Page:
"..... / have seen the tyranny of apartheid in action"

You speak very strongly against sporting contacts with the white minority regime in South Africa, but under what conditions are you prepared to accept sporting contacts with South Africa? Would you say that there must be no sporting contact with South Africa until the complete apartheid system in South Africa is overthrown, and are you prepared to accept, for example, sporting contact with the non-racial sporting bodies in South Africa, sporting bodies which by their very nature and very constitution are in themselves fighting against institutionalised apartheid in that country? With regard to sporting contacts with South Africa what are you prepared to accept?

First of all I think it is important to retrace the fact that it is only through a policy of isolating white South Africa from international sport that we have won any concessions. It is only, tor example, since the cancellation of the 1970 cricket tour to England that we got Springbok cricketers coming out for the first time, followed very quickly by their Sport's Officials, calling for non-racials or some kind of tentative moves towards integration in sport. So it is important to grasp very surely that it is only through positiva moves that changes have been brought about. I Having made that point, I would only be willing to stop campaigning for isolation if South Africa started practising her internal sport on a non-violent basis. If she started sending tours overseas on a non-racial basis, and no compromises can be won or can be conceded in the pursuit of that objective. What I mean by that statement is this, we are not prepared to accept one or two uncle Toms to give it a gloss of non-racialisn when in fact that would be an attempt to [unclear: appear] world opinion, because the realities of sports apartheid will remain very definitely for black South African sportsmen inside South Africa. We are only prepared to accept non-racial teams But we are prepared to accept teams from the non-racial sports bodies in South Africa. I think that flows logically from the argument. That means, those bodies who have set themselves up on a non-racial basis, who have non-racial constitutions such as the South African Cricket Board of Control, who want to practise non-racialism in sport, but because whites refuse to join then they are reduced to the situation where they can only have non-racialism within the nonwhite community, that is between Africans, Asians, and Coloureds. And so I would like to see links set up with those organisations. But we return to the situation which we are likely to face, and towards your question about whether we will see true non-racialism in sport before apartheid is broken down. I think it is ver difficult if not impossible to visualise the situation where we could have true non-racialism in sport. That doesn't just apply to the composition of teams. It means inopportunities, [unclear: facilities] throughout education etc. I don't believe we could get true, thriving non-racialism in sport until we had the complete downfall of apartheid but I would be the first to argue that we ought to welcome, and accommodate any genuine moves towards that goal. I think the most positive thing we can aim for is to give international sports opportunities to the non-racial albeit no white, sports bodies that exist there at the moment.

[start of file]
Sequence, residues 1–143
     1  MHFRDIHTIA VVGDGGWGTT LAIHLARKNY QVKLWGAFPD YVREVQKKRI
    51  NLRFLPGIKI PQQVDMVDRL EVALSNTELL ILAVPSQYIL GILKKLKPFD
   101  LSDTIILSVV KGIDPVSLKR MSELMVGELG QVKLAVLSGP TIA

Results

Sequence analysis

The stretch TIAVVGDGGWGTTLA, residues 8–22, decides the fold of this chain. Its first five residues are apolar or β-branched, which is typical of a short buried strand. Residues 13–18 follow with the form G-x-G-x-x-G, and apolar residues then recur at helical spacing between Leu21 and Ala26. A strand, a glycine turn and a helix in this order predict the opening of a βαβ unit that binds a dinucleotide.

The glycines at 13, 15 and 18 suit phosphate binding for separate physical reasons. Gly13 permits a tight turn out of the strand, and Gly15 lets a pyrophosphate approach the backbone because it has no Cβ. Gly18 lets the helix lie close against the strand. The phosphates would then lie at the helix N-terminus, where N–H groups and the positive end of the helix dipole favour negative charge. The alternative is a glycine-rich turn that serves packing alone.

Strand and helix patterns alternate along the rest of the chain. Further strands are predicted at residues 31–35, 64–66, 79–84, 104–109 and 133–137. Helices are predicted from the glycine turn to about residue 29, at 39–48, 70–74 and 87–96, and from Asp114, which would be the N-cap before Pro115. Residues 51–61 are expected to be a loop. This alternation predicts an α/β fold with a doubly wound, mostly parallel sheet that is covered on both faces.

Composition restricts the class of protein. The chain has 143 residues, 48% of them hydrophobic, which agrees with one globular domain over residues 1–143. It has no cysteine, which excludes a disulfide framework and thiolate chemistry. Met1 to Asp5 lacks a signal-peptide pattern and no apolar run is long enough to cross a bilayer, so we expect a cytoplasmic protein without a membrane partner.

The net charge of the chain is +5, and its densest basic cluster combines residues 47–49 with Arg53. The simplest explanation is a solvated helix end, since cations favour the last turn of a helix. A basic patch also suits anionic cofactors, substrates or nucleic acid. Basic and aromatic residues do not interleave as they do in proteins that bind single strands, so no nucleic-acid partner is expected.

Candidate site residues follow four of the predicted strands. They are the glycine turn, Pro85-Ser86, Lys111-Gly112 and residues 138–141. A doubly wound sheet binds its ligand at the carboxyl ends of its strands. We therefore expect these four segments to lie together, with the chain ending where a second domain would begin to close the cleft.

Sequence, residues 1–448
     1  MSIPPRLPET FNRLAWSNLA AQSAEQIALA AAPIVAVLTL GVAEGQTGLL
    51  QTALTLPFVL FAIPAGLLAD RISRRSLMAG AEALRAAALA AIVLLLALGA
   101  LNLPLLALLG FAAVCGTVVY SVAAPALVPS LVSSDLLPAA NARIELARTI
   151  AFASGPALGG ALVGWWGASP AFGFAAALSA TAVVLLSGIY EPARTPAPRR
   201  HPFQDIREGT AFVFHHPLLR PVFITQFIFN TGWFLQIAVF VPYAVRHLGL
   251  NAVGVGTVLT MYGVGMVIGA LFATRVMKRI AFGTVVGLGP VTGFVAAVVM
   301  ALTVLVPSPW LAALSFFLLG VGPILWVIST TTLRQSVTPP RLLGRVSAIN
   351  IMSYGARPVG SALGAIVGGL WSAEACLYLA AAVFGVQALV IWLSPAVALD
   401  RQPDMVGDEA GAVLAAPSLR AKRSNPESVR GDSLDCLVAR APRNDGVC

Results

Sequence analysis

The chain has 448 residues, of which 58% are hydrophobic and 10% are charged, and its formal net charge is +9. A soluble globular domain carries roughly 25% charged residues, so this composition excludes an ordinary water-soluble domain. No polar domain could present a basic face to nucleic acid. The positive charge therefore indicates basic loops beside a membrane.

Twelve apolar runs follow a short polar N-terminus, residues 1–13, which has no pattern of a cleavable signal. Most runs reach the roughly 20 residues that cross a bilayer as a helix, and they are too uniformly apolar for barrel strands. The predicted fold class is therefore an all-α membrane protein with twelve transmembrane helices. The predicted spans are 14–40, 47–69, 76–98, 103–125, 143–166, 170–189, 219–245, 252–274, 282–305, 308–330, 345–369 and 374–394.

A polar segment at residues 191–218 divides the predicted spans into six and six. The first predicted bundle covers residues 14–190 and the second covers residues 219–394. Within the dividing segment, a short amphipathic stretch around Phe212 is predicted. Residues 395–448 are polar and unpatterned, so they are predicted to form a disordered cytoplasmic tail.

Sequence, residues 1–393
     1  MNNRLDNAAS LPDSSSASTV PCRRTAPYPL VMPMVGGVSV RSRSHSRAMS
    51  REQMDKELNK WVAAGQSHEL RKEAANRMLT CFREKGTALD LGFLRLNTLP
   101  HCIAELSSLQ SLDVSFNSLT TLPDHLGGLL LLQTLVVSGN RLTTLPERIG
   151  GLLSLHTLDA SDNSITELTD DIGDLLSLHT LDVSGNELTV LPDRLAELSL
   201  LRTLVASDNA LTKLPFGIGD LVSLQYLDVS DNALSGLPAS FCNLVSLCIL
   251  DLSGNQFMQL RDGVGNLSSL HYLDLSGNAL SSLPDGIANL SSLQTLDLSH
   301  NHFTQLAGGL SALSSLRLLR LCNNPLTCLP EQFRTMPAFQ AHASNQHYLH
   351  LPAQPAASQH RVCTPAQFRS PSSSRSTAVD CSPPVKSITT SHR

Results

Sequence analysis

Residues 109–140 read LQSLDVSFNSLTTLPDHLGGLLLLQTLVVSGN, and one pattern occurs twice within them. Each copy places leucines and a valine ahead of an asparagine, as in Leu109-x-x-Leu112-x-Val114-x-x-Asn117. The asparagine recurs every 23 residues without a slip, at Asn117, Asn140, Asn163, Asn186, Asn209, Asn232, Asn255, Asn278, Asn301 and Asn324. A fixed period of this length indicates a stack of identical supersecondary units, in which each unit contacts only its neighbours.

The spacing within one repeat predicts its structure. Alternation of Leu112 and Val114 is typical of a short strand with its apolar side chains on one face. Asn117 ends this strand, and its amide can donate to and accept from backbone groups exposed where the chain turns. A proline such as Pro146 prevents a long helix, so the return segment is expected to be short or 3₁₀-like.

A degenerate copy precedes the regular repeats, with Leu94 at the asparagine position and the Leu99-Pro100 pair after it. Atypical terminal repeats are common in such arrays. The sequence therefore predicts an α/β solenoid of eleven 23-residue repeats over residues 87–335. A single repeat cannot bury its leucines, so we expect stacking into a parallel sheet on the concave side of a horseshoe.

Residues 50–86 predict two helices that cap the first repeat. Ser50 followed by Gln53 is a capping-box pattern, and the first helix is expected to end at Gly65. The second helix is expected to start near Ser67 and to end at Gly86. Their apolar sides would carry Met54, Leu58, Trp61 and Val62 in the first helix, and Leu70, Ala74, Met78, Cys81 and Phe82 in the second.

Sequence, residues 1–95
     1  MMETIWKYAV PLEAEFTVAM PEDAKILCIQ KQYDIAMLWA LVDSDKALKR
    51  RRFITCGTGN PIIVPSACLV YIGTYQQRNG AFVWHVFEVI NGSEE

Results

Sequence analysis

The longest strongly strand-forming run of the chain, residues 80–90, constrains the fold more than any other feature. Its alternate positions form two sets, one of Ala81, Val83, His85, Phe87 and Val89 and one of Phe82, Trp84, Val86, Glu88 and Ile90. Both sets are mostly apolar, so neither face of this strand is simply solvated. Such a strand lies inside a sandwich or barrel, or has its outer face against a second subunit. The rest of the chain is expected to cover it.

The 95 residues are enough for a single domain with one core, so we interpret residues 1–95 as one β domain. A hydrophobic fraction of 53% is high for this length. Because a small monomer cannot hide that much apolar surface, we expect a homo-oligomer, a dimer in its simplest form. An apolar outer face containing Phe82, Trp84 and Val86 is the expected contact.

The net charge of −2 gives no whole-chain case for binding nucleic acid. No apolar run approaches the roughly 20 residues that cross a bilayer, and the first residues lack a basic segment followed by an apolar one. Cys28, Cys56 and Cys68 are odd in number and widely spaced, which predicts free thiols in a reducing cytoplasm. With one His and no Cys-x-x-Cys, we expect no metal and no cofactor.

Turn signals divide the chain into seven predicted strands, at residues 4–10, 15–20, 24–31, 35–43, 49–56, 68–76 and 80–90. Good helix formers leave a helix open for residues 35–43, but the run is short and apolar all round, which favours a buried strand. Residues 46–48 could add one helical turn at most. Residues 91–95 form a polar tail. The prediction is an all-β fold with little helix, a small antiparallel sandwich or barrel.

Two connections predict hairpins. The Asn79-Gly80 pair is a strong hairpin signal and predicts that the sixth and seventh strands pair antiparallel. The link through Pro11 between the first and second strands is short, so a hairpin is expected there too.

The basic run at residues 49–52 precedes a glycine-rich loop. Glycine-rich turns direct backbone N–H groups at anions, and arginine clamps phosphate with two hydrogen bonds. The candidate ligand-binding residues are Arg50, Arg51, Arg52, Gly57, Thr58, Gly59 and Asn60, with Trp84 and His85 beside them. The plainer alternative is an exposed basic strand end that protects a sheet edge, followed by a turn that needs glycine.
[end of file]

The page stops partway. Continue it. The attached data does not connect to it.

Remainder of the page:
Vorster

Vorster

".... it is important to realise that NZ [unclear: rema] the last major battleground on which the paign for non-racialism and against [unclear: aparth] in sport has to be fought"

In the context of the Stop the Tour movement in Britain in 1969-70, what was "non-violent disruption?".

Non-violent action and disruption meant running on, climbing over the fence and sitting down without actually helping arrest either. When it came to being dragged off the field we just went in dead weight fashion on them. That really is the main tactic that was used. It meant those who were not willing or able to go onto I the field, keeping up a constant barrage of chant ensuring that the atmosphere deteriorated completely at the match. It was very evident that I even those die-hard rugby supporters during the Springboks tour here 1969-70 had only one eye on the game and the other on the demonstrators and for them the match was not the normal sporting spectacle to which they were accustom Nonviolent direct action also meant maintaining a constant presence at the teams hotels, at their coach journeys, at their functions, dogging their every movement, showing them that they were not welcome in our country, as I hope you will show them they're not welcome in New Zealand It meant in short covering every area of their activity. We began with the simple strategy of direct action at the fields themselves. This is the point around which the success of the campaign will hinge, if we are effective in stopping the matches. But as it became gradually more difficult, as it got to the stage where there was an endless army of blue uniforms between us and the ground, then we turned on a move-committed fashion to investigating methods of non-violently harassing them at their hotels and wherever they went. That, I think, is what non-violent direct action means. It doesn't mean openly attacking the players. It doesn't mean using one of the many classic forms of non-violent almost Ghandian-type, civil disobedience [unclear: tactics.]